Hispanic

Survey: Nearly 9 In 10 US Adults Now Have Health Insurance

Apr 13, 2015
Ryan Poppe

WASHINGTON — Underlining a change across the nation, nearly 9 out of 10 adults now say they have health insurance, according to an extensive survey released Monday. As recently as 2013, slightly more than 8 out of 10 had coverage.

Whether the new number from the Gallup-Healthways Well-Being Index turns out to be a high-water mark for President Barack Obama’s health care law, or a milestone on the path toward his goal of getting virtually all U.S. residents covered, remains to be seen.

The law’s future is still up in the air, and will turn on factors ranging from an upcoming Supreme Court decision on consumer subsidies to actions by Republican leaders in states opposed to Medicaid expansion.

The Gallup-Healthways survey found that the share of adults who lack insurance dropped to 11.9 percent for the first three months of this year, the lowest level since that survey began its tracking in 2008.

Marco Rubio, the charismatic, Hispanic, young (and even younger-looking) freshman senator from Florida is launching his campaign for the White House Monday in Miami.

Rubio, 43, will be entering a growing field of candidates. Right now, he's considered a second-tier candidate, polling behind Wisconsin Gov. Scott Walker and former Florida Gov. Jeb Bush, the man Rubio has called a mentor.

That could change once he gets in. Rubio's advisers believe he has a path to the nomination, with assets few other candidates can match.

Doualy Xaykaothao / KERA

-- It’s been more than four years since President Obama signed the Affordable Care Act. More than 11 million people have signed up for health insurance, but there are still Latinos in Texas who are uninsured.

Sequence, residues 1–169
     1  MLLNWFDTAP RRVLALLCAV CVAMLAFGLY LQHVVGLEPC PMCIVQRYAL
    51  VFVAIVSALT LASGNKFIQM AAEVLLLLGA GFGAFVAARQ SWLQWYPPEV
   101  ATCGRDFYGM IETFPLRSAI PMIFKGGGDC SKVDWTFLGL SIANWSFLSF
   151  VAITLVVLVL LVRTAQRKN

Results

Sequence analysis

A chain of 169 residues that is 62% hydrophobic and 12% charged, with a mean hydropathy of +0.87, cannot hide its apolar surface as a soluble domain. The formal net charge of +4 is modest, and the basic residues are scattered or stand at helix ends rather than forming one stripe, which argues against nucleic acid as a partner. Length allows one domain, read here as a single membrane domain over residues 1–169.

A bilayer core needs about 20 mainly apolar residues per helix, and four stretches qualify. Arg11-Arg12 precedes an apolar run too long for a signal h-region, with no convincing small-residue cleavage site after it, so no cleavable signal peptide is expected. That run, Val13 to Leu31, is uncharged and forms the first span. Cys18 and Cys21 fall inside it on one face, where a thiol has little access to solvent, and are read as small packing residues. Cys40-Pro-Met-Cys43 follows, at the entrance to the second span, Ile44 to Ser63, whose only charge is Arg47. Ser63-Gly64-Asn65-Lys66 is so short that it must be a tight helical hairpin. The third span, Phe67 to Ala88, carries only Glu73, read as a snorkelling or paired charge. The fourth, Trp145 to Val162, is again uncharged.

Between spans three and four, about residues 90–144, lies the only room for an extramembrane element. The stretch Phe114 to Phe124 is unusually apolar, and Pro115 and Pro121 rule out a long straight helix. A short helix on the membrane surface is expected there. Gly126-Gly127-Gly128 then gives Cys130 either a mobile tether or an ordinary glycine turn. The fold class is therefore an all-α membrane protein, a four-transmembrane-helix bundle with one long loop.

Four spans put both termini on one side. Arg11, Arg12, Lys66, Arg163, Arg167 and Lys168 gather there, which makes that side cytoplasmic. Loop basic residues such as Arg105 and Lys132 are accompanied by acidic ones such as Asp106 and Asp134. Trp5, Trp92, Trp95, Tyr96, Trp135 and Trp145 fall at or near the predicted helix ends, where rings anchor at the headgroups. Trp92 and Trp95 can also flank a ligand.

-- In New Mexico, another healthcare dilemma — a behavioral health provider will end its programs just two years after opening, leaving many criminal offenders without services.

Terry Ross / Wikimedia Commons

SAN ANTONIO — Twenty years after Selena’s murder, the Latin world will remember “The Queen of Tejano” with concerts, lookalike contests, dances and a massive festival. But her father has mixed feelings about the celebrations.

“Of course I’m happy that, today, people remember Selena more than ever,” Abraham Quintanilla III said via phone from his office in Corpus Christi.

“But, as Jehovah’s Witnesses, we don’t celebrate deaths or birthdays, and we don’t want people to think we’re behind all the festivities. It’s crazy. It grows every day with events everywhere, but we’re not organizing them. Our family never got together every year on the day of her murder, because there’s nothing to celebrate, and this year won't be the exception,” he added.

“We remember our daughter every single day. We don’t need a special day to remember her.”

Selena began performing as a child, singing in Los Dinos, a band formed by her father that featured her brother A.B. on bass and sister Suzette on drums.

She won a Best Mexican-American Album Grammy for Live, had several hits in the U.S. and was about to cross over to the English-language pop market when, on March 31, 1995, she was murdered by Yolanda Saldívar, the president of her fan club.

Does Television Spanglish Need A Rewrite?

Oct 4, 2014

I watched the season premiere of Law & Order SVU, and I was excited to see that it covered a topic I've reported on for the last year — sex trafficking of women in Mexico — and that a very rich cast of Latino actors were featured on the show. But man, that good feeling stopped almost as soon as I heard them speak.

The Spanish and Spanglish used in the show was embarrassing. When it comes to Latinos on the screen, Hollywood keeps missing the mark on the way we speak.

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